Common Ways The FLSA Is Violated And Common Violators Of The FLSA

Countless Americans put in long hours and many work overtime without proper pay. Little understood is the law in place to protect Americans who put in extra hours but who don't see a paycheck in return. The Fair Labor Standard Act (FLSA) was enacted in 1938 by the Roosevelt Administration and put in place to protect workers. There are myriad ways the FLSA can be violated:

  • One way the FLSA may be violated is if an employer fails to pay an employee who has worked "overtime." Under the statute, "overtime" is defined as a weekly total of over 40 hours, with a week being 7 consecutive days. The FLSA requires that most employees be paid time-and-a-half for all hours worked over 40 hours in a workweek.
  • Another way the FLSA can be violated is when employers require employees to work "off the clock" without pay. This can include requiring employees to attend pre-shift meetings, to take training classes that benefit the employer, or doing work after hours such as at night and on the weekends.
  • A third way the FLSA may be violated is if an employer incorrectly classifies an employee as an independent contractor. The FLSA does not require employees to pay overtime if the person hired is an independent contractor. Whether someone is an employee or an independent contractor is a fact intensive inquiry that does not simply stem from the title a person has. The court will consider factors such as the amount of control the employer has, the length of the employment, the level of specialization the hired person has, who provide the tools and whether the employer is engaged in the type of business for which the person was hired for.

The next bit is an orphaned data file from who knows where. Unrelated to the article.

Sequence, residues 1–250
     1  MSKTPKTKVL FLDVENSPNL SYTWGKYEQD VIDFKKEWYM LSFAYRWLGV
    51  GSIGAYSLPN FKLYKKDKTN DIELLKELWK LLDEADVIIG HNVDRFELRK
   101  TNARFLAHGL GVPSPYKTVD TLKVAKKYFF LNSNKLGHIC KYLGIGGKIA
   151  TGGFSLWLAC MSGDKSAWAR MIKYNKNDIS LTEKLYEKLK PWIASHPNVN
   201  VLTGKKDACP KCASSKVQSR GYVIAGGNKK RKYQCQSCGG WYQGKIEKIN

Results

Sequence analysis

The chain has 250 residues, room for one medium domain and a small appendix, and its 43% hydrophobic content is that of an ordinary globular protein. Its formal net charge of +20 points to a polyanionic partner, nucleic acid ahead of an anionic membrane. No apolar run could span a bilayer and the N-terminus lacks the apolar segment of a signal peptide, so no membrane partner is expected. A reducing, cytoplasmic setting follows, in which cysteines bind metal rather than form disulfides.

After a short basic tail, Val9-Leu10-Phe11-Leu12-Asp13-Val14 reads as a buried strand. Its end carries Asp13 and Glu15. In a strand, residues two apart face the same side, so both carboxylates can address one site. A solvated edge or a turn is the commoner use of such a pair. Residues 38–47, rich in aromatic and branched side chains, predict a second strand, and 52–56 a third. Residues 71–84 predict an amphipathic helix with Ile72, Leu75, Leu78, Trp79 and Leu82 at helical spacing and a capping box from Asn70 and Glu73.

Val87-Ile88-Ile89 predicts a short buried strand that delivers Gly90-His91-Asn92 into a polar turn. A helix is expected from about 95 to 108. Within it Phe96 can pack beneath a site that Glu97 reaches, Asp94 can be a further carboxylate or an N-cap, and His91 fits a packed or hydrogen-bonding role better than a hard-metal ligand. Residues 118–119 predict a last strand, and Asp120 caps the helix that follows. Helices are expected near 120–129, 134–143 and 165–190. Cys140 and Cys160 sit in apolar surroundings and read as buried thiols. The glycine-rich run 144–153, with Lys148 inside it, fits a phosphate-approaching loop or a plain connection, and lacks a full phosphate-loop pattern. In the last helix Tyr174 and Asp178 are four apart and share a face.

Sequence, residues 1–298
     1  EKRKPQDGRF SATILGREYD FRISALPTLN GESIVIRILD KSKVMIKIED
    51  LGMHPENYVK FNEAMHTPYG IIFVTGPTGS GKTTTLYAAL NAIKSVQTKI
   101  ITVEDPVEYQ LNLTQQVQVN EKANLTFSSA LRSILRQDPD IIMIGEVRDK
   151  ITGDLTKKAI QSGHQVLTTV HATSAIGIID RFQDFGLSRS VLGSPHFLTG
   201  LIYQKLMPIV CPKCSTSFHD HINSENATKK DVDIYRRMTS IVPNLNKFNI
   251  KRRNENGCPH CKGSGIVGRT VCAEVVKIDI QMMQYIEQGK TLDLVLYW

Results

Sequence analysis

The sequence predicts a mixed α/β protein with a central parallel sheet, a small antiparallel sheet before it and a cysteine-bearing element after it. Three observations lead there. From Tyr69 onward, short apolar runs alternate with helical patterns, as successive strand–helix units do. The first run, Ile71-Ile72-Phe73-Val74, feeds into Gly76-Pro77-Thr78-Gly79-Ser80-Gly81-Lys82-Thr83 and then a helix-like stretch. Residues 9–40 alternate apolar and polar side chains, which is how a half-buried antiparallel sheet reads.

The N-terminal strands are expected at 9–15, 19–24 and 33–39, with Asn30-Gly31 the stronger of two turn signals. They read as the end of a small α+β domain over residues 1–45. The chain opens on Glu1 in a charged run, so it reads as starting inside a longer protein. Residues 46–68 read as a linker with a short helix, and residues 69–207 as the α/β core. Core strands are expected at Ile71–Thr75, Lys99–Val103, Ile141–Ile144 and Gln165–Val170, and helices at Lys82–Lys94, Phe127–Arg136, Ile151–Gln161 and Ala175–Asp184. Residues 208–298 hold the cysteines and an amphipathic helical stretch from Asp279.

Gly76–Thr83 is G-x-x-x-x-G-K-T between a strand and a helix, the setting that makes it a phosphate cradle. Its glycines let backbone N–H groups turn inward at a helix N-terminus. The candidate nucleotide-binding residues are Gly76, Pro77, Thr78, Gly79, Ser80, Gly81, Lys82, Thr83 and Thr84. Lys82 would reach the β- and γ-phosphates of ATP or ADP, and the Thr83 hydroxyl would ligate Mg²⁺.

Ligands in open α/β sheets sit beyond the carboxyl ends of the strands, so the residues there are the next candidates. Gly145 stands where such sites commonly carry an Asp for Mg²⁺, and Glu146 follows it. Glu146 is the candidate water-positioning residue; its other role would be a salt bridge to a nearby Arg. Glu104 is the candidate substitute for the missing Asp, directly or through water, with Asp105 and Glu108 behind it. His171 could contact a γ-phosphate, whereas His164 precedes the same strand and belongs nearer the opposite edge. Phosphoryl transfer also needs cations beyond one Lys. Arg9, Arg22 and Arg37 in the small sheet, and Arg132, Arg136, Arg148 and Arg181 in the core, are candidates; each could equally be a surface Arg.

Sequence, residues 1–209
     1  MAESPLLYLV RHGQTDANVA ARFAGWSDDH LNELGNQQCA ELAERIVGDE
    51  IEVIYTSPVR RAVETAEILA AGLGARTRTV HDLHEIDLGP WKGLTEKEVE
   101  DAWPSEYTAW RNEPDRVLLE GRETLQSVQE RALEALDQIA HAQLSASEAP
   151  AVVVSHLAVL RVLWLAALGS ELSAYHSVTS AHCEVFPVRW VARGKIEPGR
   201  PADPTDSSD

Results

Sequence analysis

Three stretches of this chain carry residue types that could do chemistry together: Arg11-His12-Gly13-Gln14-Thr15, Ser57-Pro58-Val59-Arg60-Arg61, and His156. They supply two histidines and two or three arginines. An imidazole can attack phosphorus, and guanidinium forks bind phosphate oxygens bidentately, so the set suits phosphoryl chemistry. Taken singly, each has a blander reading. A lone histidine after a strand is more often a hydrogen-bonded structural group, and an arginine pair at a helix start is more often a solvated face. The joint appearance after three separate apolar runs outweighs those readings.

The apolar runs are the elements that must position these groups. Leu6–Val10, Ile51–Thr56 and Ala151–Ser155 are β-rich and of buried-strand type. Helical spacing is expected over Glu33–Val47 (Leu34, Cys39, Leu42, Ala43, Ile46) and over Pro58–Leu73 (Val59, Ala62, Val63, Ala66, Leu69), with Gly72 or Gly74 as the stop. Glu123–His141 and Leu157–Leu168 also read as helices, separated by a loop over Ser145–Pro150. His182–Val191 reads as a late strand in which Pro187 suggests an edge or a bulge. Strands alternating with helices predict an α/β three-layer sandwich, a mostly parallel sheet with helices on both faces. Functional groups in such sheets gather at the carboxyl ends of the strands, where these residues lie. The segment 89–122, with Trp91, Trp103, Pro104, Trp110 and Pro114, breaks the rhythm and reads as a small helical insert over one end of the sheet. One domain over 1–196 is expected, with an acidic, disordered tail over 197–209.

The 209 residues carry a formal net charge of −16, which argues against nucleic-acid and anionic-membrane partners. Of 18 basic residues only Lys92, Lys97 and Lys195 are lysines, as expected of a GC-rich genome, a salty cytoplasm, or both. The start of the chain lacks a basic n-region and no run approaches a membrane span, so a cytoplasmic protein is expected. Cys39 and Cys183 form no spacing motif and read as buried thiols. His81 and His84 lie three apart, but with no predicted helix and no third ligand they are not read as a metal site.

• A fourth way the FLSA can be violated is if an employer pays "comp time" instead of overtime. Comp time refers to when an employer allows an employee to take off work in exchange for working longer hours. Comp time is not considered a proper method of payment under the FLSA.

Common Violators

There are certain industries that tend to commonly violate the FLSA. These industries include the following:

  1. Full-service restaurants

  2. Fast food restaurants

  3. Hotels and motels

  4. Child day care services

  5. Gas station convenience stores

  6. Nursing homes

  7. Security guards

  8. Grocery stores

  9. Janitorial services

  10. Doctor's offices, healthcare providers

  11. Dry cleaners

  12. Construction and landscape companies

  13. Retail stores

  14. Customer service and call centers

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